And the technical way it would achieve that is ... you wouldn't get the income, the expected income that this thing was going to generate, which was theoretically very large. But then you would actually invest in things that didn't produce any taxable income, say, for instance, stocks that didn't pay dividends. And so over time, that would kind of accumulate in the trust in a way that was kind of counter to what the IRS formula would have predicted. And so you would essentially find a way of making a large gift to your heirs appear very small.
MIDER: Yes. So that's exactly how Covey described it to us, that essentially the mechanism he created undervalued the remaining interest or value of the trust, which is why he got away with not paying as much or any taxes at all. Now, he also told us, Zach, he was frank about sort of the political climate at the time, which sort of helped him launch the concept of the grit into the world. And here's what he said.
COVEY: You started this movement, I would say, in the late '70s and early '80s, of using a trust ... to accomplish things that would save estate taxes. It's not only the common law GRIT and GRAT that did it. It was some other things that were mentioned in practical drafting. And then there were these family limited partnerships where people started to use a partnership as a way of reducing your estate taxes.
CHAKRABARTI: So, Zach, Covey described to us a shift in using trusts offensively rather than defensively to protect our assets. Do you think that's important?
MIDER: Yeah. So I think when a lot of people think about trusts, if they think about them at all, they think of maybe, you know, an heir who receives something, but they're too young to make good decisions about it. So they have an older trustee to kind of keep an eye on it until they come of age, things like that. There's all kinds of reasons why people have trusts.
They go back to the Middle Ages that have nothing to do with tax. But what Covey is talking about is sort of like using that mechanism to sort of, you know, offensively go out and achieve some tax goals of like, you know, essentially giving money to your heirs without paying the taxes that would otherwise be due on it. By, you know, kind of manipulating some aspect of the tax code to kind of, you know, slide it through.
CHAKRABARTI: Well so that's the real key thing as far as I understand it, that it's this idea that, okay, well previously we had thought that eventually when someone dies, some sort of tax will be paid to the federal government. But the offensive use of trust, as Richard Covey described, the point was to erase that eventuality. So we could talk a little bit more about how that happens, because the IRS eventually comes around and says, well, this whole GRIT idea, we don't like it, not a good idea, abusive use of it. And then Congress steps in. What does Congress do, Zach?
MIDER: Yes. So Congress, you know, recognized this was well publicized in the '80s, that people were we're doing this. I mean, Covey had, I think, published a paper to talk about how it could be done. And Congress stepped in and said, you know, we're going to have to change the law to make it so that that particular abuse is not possible. So they passed a law in 1990 that ended the GRIT as we know it. So it wasn't really possible after that to do the exact thing that Covey had come up with.
CHAKRABARTI: So, Zach, what happened after Richard Covey's original idea of the GRIT was basically shunned by Congress? What did Congress do?
MIDER: So Congress passes a law in 1990 that specifically targets the abuse that it saw in Covey's grit, which was the trust he came up with in the '80s. They said, you can't do that anymore. New set of rules. So that particular trick doesn't work anymore.
CHAKRABARTI: So here's what Richard Covey told us about what Congress made instead, right? Because they created a new option to replace the GRIT. Is that right?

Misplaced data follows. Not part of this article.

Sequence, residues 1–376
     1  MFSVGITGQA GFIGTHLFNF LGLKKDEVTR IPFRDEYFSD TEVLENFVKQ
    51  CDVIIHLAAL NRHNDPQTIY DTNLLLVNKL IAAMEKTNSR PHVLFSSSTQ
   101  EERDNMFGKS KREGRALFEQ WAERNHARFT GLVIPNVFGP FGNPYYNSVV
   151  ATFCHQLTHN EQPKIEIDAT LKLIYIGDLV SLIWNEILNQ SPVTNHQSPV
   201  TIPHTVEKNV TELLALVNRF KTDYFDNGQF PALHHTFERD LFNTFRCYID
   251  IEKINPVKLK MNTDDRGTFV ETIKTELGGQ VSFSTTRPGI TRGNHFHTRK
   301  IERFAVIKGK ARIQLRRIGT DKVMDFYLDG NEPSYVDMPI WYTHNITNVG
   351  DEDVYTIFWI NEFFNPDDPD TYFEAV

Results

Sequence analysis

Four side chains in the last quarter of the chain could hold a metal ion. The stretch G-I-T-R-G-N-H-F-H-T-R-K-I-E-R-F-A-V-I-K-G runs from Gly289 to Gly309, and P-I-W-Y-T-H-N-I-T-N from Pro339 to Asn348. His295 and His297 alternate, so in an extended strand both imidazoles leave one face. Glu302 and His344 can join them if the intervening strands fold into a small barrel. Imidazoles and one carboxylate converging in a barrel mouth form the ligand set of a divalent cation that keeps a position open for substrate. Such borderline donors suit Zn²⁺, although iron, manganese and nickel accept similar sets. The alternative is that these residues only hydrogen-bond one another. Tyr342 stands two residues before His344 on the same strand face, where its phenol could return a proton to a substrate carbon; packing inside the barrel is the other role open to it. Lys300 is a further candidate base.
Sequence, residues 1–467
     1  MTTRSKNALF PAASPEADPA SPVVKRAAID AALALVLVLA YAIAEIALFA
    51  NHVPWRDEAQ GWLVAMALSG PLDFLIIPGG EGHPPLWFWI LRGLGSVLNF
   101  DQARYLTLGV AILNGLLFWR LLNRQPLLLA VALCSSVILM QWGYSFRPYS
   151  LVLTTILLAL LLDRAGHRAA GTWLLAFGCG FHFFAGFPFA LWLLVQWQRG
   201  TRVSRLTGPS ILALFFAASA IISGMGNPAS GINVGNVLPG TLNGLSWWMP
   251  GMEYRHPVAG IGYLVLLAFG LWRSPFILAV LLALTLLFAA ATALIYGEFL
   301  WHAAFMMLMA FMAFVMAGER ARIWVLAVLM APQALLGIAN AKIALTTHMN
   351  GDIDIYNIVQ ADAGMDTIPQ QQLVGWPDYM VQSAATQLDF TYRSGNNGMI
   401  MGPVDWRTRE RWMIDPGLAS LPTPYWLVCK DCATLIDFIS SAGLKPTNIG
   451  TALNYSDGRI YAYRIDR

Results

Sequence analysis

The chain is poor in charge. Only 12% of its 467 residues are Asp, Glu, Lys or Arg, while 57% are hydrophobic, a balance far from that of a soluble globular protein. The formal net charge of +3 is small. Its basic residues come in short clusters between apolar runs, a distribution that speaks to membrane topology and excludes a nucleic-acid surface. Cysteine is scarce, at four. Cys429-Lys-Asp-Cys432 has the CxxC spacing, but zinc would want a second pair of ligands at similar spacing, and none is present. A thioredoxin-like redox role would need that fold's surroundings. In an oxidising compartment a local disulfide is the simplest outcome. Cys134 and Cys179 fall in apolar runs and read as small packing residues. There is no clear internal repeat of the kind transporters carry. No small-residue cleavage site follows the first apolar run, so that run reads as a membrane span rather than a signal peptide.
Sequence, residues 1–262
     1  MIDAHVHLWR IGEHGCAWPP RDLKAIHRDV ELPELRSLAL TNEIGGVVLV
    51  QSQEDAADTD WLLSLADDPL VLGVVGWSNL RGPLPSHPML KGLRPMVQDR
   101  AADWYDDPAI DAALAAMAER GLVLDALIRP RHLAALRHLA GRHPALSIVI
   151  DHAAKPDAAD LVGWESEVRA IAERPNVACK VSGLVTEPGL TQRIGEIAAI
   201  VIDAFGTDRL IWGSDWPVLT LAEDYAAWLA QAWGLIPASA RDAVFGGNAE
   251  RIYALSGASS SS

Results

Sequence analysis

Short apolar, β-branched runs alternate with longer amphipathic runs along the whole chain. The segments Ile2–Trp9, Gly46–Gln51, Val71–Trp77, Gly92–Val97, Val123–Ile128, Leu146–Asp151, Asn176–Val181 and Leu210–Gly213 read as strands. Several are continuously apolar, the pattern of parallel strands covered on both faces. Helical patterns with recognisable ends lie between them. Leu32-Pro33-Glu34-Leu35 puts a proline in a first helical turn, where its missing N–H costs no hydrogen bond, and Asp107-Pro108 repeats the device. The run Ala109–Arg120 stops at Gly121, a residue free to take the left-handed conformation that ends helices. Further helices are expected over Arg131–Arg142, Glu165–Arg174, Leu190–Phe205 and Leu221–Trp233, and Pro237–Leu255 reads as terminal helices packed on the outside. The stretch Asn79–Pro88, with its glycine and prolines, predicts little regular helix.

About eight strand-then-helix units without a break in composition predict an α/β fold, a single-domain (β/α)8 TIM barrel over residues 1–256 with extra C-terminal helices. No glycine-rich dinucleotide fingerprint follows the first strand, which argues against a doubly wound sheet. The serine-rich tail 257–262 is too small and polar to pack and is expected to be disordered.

MIDER: They basically said, if you want to do something like that, that's not an abuse of the tax code. We're going to invent our own sort of, you know, officially sanctioned thing called a GRAT, which doesn't have any of those abuse potentials that we were so worried about in the GRIT.
CHAKRABARTI: Okay. And so the GRAT is that grantor retained annuity trust. So Congress says here this is something that's legal, you can't abuse it. Go ahead and use it in your tax filings. Okay. But here's what Richard Covey told us about the problems with the GRAT.
COVEY: They made a very serious drafting error. They didn't realize that they were still permitting you to create a grant or retained annuity trust, let's say, of where you value the retained interest, that the full value of the trust virtually. And because of that mistake, the GRAT really grew up.
CHAKRABARTI: So Zach the who's the they? Who actually wrote or created the GRAT in Congress?
MIDER: You know, it ultimately comes down to some lawyers who work for the tax writing committees in the House and the Senate. And I spoke to a few of the folks who actually worked in those jobs in the lead up to the 1990 legislation. And, you know, some of them were pretty junior folks who've gone on to do other things outside of the tax world.
CHAKRABARTI: Junior folks, though, what does that mean, Zach?
MIDER: Yeah, I mean, they weren't that long out of law school, right? These were, you know, sort of like a chance to be a congressional aide for a few years, that kind of thing.
CHAKRABARTI: I don't mean to laugh, but what you're saying is congressional aides, you know, hardworking as they might be, are the ones who came up with the language on behalf of actual members of Congress saying, here's a legal way for a new form of trust for billionaires to use. So, again, might be just out of law school, might be super hard working, but it sounds like they didn't actually realize what they had done, which Richard Covey said they had given him and other tax attorneys a giant loophole to use. Now, with the GRAT and here's what he told us.
COVEY: The result of that was you could retain 100% of the value of the trust. And that's what was behind the Walton case, which we won in the tax court. And as a result of that, people could create $1 million trusts, they could create $1 billion trusts, and there still wouldn't be any tax when you use the Treasury table that wiped out the full value of the retained interests.
Bloomberg: "Accidental Tax Break Saves Wealthiest Americans $100 Billion" — "'How many times do you have to pay taxes on money?' the casino magnate asks, leaning on a blue cane on the cobblestones of Wall Street on a crisp October morning."
This program aired on February 9, 2023.